• Transactional sex, that’s to say sex for travel passes and food, by traffickers and informal helpers
  • Trafficking and exploitation risks by organised crime groups
  • Increased risks of interpersonal violence

We argue, however, that risks of violence which displaced Ukrainian women face and will face in flight and refuge can be mitigated. Drawing on the voices of survivors we met in the SEREDA Project, we contend survivors of SGBV should and could be better protected and supported in transit and settlement. Protection risks could be mitigated by addressing root causes of SGBV and other exploitation, such as minimising economic vulnerability, providing safe and fast routes to safety, providing travel money and travel facilities, securing legal pathways to refuge, to name but a few. More gender and trauma-sensitive immigration, asylum, and humanitarian systems could help mitigate SGBV risks once displaced migrants reach refuge.

In order to effectively combat SGBV risks on the move and refuge, we suggest strategies are needed to prevent and respond to SGBV along forced migrant routes across different countries. With guidance about SGBV protection, steps could be taken to mitigate risks, such as shortening lengthy refugee journeys and responding to survivors’ needs early before they transform into longer-term multiple and compounded traumas. For example, humanitarian and reception points receiving refugees need to be sensitised about SGBV risks among arriving populations.

Also, as we witness the solidarity of neighbouring nations with the Ukrainian people and the mobilisation of informal individual aiders, we must acknowledge that these come with risks of exploitation. Thus, there is a need to develop safeguarding mechanisms for informal aid provision to protect displaced populations from exploitation risks and ensure they are aware of their protection rights. Often grassroots, bottom-up initiatives support protection from violence and exploitation in transit and countries of refuge. Such organisations frequently fill important gaps in provision and thus need to be funded to provide flexible services for mobile and newly arrived populations.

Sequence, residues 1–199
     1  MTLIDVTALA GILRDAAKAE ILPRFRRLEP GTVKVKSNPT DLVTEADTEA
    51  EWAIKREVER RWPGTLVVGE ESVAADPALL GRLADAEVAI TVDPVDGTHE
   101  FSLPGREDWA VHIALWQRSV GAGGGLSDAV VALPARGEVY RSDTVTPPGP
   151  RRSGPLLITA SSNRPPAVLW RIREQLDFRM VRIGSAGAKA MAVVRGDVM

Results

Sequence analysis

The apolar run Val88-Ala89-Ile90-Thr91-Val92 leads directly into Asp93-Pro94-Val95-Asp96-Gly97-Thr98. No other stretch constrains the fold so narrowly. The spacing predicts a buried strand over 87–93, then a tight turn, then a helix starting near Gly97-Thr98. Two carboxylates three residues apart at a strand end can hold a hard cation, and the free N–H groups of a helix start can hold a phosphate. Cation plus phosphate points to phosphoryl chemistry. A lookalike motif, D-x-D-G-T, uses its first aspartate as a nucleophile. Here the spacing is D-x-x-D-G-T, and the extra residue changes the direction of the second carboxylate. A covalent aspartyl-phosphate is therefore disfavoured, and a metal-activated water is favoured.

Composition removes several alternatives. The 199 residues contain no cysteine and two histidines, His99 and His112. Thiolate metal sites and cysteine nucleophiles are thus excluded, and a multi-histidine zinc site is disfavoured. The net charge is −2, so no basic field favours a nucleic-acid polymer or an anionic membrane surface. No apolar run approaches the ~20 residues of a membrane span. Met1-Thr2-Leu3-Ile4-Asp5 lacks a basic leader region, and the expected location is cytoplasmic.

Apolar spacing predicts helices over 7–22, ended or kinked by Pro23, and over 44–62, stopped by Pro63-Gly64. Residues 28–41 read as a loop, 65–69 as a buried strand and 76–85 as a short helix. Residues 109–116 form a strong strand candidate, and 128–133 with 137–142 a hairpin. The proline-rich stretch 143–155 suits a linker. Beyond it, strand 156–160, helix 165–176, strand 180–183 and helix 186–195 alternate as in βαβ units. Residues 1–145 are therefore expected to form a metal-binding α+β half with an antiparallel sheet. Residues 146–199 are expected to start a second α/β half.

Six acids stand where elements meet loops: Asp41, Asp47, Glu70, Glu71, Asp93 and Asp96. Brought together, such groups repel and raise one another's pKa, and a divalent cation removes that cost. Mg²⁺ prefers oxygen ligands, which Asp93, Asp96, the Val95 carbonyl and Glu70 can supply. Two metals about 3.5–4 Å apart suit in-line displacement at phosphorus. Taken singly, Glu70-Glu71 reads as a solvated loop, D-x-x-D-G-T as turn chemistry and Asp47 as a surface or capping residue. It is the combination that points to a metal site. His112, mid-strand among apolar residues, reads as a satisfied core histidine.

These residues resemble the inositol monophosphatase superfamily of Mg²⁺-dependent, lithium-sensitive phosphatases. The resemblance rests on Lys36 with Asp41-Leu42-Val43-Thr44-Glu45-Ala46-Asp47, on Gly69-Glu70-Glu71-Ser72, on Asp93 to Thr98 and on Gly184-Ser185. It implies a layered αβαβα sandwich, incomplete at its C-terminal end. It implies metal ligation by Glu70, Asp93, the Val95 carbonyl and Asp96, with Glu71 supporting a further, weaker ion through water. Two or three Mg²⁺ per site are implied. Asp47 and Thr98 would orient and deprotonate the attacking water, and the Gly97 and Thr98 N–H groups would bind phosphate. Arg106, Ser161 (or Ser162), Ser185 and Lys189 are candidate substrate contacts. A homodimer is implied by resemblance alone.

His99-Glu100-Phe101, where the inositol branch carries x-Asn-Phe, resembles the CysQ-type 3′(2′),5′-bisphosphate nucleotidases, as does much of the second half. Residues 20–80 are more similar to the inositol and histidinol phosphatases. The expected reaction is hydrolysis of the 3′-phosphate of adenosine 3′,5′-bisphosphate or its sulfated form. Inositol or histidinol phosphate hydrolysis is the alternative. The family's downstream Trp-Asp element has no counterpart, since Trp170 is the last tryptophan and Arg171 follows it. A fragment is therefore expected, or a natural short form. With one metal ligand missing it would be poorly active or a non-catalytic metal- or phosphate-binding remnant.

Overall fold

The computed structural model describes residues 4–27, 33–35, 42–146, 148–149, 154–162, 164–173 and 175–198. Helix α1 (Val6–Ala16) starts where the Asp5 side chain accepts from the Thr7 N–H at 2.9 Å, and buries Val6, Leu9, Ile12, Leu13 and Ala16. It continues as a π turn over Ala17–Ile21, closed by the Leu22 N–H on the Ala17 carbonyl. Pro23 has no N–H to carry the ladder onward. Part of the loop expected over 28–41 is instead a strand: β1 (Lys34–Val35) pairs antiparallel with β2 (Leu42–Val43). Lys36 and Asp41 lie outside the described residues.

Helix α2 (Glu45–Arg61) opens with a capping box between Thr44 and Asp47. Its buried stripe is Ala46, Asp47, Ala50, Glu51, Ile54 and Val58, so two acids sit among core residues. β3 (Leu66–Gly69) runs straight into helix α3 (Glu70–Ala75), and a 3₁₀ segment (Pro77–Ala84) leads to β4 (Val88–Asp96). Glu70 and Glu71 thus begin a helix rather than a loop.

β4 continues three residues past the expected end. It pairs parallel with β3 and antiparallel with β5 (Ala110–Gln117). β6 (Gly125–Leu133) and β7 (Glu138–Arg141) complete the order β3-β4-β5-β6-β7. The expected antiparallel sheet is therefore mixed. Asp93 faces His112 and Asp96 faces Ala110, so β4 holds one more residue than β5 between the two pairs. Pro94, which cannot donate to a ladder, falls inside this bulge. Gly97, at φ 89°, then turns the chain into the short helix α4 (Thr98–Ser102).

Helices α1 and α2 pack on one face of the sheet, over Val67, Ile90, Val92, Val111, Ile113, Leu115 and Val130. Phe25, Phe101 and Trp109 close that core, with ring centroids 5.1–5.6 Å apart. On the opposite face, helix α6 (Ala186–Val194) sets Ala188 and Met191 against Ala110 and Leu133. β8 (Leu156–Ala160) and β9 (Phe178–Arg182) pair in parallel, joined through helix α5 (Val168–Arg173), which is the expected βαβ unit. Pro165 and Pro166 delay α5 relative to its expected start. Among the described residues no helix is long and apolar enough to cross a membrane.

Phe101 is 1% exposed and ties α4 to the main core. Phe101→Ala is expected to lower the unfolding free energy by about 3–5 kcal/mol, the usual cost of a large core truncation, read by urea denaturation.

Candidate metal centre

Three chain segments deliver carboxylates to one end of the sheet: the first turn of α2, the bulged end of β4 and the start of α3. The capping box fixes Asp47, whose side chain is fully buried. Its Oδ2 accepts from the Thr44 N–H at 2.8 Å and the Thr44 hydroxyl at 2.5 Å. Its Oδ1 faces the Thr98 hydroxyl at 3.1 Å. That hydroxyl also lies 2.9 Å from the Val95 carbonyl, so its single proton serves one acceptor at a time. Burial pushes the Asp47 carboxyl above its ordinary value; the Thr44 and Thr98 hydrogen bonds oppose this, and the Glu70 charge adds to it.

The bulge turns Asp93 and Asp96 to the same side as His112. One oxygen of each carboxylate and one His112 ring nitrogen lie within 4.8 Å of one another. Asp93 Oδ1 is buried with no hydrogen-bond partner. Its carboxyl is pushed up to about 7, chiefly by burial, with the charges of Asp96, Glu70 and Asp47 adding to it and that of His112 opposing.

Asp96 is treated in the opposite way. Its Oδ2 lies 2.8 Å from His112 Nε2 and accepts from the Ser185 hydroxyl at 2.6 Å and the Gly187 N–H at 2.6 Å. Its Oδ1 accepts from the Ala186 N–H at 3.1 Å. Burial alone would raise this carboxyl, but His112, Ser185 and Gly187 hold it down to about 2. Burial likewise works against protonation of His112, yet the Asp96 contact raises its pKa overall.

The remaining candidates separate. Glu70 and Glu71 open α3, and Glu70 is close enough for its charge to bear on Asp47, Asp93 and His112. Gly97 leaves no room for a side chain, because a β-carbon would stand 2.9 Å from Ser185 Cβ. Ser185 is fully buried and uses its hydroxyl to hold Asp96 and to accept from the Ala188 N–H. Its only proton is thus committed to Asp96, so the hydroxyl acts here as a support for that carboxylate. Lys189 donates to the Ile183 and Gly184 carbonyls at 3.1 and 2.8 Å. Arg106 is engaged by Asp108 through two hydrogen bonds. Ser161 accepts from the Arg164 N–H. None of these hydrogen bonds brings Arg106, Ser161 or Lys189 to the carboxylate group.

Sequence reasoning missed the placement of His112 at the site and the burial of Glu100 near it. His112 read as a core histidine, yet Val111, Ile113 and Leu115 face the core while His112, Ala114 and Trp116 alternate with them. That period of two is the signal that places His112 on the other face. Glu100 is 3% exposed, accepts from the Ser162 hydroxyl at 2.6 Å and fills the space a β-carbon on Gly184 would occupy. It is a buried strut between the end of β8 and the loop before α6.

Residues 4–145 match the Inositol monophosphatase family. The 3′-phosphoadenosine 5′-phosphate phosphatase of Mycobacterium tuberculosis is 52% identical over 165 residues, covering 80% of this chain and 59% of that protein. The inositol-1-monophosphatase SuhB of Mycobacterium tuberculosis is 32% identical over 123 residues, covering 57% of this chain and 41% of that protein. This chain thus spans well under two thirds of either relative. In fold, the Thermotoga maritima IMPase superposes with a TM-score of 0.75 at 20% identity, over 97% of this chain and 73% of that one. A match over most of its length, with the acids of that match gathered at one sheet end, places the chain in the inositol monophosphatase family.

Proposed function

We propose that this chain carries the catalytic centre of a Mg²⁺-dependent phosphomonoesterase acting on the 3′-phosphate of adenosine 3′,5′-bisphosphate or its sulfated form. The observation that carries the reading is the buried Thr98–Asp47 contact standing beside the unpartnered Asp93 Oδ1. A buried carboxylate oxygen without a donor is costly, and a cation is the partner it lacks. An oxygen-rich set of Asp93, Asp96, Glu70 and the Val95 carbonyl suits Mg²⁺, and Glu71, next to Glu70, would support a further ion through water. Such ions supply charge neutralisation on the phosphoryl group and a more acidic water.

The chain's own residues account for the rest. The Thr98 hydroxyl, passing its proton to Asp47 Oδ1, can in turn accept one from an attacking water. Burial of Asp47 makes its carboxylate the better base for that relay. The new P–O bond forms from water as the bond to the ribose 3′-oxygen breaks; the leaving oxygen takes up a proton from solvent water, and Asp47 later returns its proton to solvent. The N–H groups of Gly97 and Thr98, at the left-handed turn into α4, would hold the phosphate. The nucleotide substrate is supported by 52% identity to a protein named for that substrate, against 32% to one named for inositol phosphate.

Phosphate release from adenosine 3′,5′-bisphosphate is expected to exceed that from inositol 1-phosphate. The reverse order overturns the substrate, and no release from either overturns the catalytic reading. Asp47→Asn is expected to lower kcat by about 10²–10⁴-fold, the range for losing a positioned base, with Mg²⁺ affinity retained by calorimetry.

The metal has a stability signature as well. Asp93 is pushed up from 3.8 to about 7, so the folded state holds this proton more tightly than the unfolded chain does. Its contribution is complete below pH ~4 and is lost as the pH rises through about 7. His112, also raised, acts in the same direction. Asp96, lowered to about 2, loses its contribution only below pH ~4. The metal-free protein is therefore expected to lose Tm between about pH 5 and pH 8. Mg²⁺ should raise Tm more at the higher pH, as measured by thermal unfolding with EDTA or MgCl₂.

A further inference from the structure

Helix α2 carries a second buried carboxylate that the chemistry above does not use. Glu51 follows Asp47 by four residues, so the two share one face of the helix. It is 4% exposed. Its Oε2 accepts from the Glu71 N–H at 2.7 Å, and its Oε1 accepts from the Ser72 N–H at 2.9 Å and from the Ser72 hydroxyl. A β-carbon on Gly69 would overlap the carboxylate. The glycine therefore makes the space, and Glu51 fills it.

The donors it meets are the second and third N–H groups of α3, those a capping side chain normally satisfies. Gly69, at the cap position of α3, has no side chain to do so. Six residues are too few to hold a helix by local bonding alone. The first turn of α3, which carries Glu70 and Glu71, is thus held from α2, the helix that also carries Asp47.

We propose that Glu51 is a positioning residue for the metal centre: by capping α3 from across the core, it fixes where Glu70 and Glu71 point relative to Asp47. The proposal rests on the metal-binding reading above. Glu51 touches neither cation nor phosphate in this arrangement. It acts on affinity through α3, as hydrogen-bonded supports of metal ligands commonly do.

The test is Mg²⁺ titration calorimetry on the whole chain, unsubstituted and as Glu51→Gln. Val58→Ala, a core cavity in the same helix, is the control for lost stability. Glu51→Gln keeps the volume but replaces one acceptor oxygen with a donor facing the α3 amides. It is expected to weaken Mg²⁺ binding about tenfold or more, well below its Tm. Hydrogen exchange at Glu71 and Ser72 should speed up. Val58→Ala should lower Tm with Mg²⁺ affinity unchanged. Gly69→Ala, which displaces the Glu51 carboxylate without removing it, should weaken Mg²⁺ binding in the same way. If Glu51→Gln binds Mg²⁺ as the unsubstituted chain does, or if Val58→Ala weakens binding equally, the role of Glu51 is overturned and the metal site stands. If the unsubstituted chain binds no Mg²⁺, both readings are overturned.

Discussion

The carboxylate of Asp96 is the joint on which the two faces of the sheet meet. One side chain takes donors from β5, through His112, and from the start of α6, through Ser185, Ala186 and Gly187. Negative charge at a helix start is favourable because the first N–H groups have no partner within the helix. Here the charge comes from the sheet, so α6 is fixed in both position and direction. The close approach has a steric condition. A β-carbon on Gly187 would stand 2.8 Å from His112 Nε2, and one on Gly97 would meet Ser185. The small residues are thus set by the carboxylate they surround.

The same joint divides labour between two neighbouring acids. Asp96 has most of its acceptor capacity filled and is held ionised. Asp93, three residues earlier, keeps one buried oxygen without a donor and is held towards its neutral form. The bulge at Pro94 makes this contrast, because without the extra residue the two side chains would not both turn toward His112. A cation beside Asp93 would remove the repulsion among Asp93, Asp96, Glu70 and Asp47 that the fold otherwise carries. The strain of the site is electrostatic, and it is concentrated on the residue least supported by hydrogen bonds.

Gendered harms against Ukrainian women should not become a new norm. With the escalation of conflict, it is essential to protect displaced women and children from the risk of SGBV, trafficking and other forms of exploitation. The SEREDA Project shows that when forced migrants were destitute they were exploited. Also, when forced migrants lacked documentation, they were even at higher risk of abuse. Research suggests self-reliance through accessing safe and secure accommodation and being able to work and access welfare are key facilitators of resilience. We hope that Ukrainian women and children, unlike many other forced migrant populations before them, can access safe and sufficient aid, welfare and housing and funds to protect themselves and their children.

The scale of recent forced migration and SGBV perpetration along forced migrant journeys has, to date, not been matched with the appropriate resources, capacity and political will to prevent, respond and mitigate SGBV both in transit and refuge. In the face of this new crisis, there is an urgent need to mainstream SGBV prevention, responses and risk mitigation, with gender and trauma sensitivity, into humanitarian and migration programmes and asylum and immigration processes.